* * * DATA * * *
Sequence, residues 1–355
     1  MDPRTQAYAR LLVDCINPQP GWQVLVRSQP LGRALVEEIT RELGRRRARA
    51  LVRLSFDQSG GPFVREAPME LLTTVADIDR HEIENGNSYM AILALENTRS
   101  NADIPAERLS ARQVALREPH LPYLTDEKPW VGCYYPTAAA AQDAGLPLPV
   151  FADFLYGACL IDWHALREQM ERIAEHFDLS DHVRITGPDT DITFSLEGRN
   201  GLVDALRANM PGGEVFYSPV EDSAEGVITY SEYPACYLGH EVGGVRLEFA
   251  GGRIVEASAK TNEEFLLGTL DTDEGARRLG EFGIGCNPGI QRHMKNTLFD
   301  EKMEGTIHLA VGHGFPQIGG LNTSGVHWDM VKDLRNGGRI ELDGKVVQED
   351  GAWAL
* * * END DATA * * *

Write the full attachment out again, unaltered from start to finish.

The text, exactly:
Sequence, residues 1–355
     1  MDPRTQAYAR LLVDCINPQP GWQVLVRSQP LGRALVEEIT RELGRRRARA
    51  LVRLSFDQSG GPFVREAPME LLTTVADIDR HEIENGNSYM AILALENTRS
   101  NADIPAERLS ARQVALREPH LPYLTDEKPW VGCYYPTAAA AQDAGLPLPV
   151  FADFLYGACL IDWHALREQM ERIAEHFDLS DHVRITGPDT DITFSLEGRN
   201  GLVDALRANM PGGEVFYSPV EDSAEGVITY SEYPACYLGH EVGGVRLEFA
   251  GGRIVEASAK TNEEFLLGTL DTDEGARRLG EFGIGCNPGI QRHMKNTLFD
   301  EKMEGTIHLA VGHGFPQIGG LNTSGVHWDM VKDLRNGGRI ELDGKVVQED
   351  GAWAL